Animal testing is not the only thing to look out for when buying vegan-friendly cosmetics and skincare products.
You may think brands have to be clear about whether their products include parts of animals or their secretions, but sadly, you’d be wrong.
It’s a bit of a minefield, and without some prior knowledge, it can be difficult to know what is and isn’t vegan-friendly.
Just to add to the confusion, some ingredients which can be derived from plants or animals have the same name - without the source identified (i.e. squalane).
The only option here is to look up the manufacturer and see if it has gone into more detail on its website.
Below is a list of some of the most common animal ingredients, and their vegan counterparts.
This emollient is derived from sheep wool, and is a common ingredient in lip products (balms, sticks, glosses), as well as hair products.
It’s used to soften and moisturize. Synthetic (and plant-based) lanolin exists, but be wary of so-called ‘cruelty-free’ lanolin, which may be still be derived from wool.
Alternatives include plant oils (i.e. coconut, olive) and butters (shea and coconut).
A resinous product, obtained from lac bugs, shellac is used in nail products, as well as some hair lacquers. Hundreds of thousands of these insects are killed to create small amounts of this product.
This generally comes from animal fats, and is commonly used in a range of products including soaps, hair care, make-up, and moisturizers. Some products use vegetable glycerin, which is suitable for vegans.
It can be derived from soya, coconut oil, or palm oil (which some vegans choose to avoid).
It is generally derived from cow’s milk, and can be used in conditioning hair products and face treatments. A vegan alternative can be derived from plant-based milks and will usually be labelled as a vegetable protein.
This chemical, extracted from shark liver oil, is commonly used in lip balm, deodorants, and moisturizers, among other products.
It is considered a powerful ingredient with anti-ageing properties. Vegan squalene exists and is derived from olives and wheat germ.
It is not always labelled as such, so when a product lists this ingredient, you may have to do further research to establish whether it is plant-based.
Created by scraping the scales off dead fish, guanine is sometimes used to make sparkly nail polish, eyeshadow, highlighters, bronzers and blushes.
This animal fat is used as a softening and conditioning emollient in nail polish, soap, moisturizers and make-up. Oleic acid can be plant-derived from a number of sources, including coconut, olives, and nuts. These forms may be labelled as vegan.
This can be found in brushes - even ones labelled ‘cruelty-free’, and is often sourced from fox, sable, horse, goat, mink and squirrel.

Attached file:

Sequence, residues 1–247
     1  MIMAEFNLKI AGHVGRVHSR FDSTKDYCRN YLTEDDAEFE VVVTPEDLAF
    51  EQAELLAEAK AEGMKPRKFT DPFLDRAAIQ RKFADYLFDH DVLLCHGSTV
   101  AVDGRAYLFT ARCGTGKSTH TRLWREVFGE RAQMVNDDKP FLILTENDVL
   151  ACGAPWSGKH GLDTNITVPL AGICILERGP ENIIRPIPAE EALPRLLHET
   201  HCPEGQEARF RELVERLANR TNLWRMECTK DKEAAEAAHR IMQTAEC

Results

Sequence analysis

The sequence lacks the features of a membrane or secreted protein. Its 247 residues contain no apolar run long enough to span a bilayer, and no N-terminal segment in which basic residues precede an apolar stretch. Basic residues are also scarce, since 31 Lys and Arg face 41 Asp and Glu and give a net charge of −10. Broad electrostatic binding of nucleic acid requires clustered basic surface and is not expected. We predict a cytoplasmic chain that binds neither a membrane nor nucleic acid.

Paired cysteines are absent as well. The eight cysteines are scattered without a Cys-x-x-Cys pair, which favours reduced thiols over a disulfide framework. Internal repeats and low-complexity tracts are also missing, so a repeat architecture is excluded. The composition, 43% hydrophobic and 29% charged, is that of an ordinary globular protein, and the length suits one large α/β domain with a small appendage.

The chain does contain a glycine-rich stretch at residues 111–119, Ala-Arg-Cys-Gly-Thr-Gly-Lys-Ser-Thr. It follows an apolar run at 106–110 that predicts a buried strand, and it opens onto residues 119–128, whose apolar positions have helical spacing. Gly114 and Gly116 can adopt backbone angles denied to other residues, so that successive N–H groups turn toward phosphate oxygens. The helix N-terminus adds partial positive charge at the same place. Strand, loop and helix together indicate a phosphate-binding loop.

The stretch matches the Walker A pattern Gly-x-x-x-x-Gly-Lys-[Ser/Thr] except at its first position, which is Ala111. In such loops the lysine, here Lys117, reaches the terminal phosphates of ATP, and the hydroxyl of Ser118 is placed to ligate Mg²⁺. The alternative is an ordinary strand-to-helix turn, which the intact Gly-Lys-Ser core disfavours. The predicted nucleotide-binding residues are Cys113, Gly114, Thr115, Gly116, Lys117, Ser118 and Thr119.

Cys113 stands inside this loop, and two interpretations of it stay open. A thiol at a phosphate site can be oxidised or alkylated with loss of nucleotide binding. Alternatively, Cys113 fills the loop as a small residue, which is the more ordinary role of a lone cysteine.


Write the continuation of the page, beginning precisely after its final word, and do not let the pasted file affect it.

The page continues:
Animal hair - particularly mink - is also sometimes used in false eyelashes. Synthetic options are available.
Generally derived from pigs’ stomachs (also cows and sheep), this ingredient is commonly found in deodorant, soaps, hair products and moisturizers. A vegan alternative (also called stearic acid) can be derived from animal fats.
As well as being cruelty-free, the vegan version is also less likely to irritate the skin.
This red colourant, which is often used in lipsticks, blushes and nail polish, is derived from insects. The cochineals are crushed and the color is extracted, with tens of thousands of the creatures killed to produce mere grams of dye.
Used in lots of anti-ageing products, as well as lip plumping items, this fibrous protein is derived from animal tissue, bone, skin, or ligaments - often from cows. The efficacy of collagen, in terms of whether it can even penetrate the skin, is questionable.
Plant-based alternatives include soya protein and almond oil.
Often used in the same kind of products as collagen, elastin is also a protein extracted from the muscles, ligaments and aortas of animals. Vegan alternatives include hyaluronic acid and MSM.
Keratin comes from the hair and horns of animals, and is often found in strengthening nail and hair products. Soya protein and almond oil are used as vegan alternatives.
Sometimes labelled as cera alba, this wax is often used in cosmetics to keep emulsions from separating into its oil and liquid components. It is commonly used in mascara too.
Alternatives exist in the form of plant and soya waxes.
Maria is a former magazine editor, newspaper reporter, and features writer. Her writing has been published by The Guardian, The Huffington Post, and various regional newspapers, as well as Vegan Life magazine and Vegan Trade Journal. She has interviewed a huge range of people, from Prime Ministers to authors, activists, pop stars and actors, and enjoys the varied range of topics writing for PBN allows her to tackle. You can follow her on Twitter @MariaChiorando and Instagram @mariachiorando.
Disclaimer: The opinions expressed in this article are prepared in the author's capacity and do not necessarily reflect the views and opinions of Plant Based News itself.
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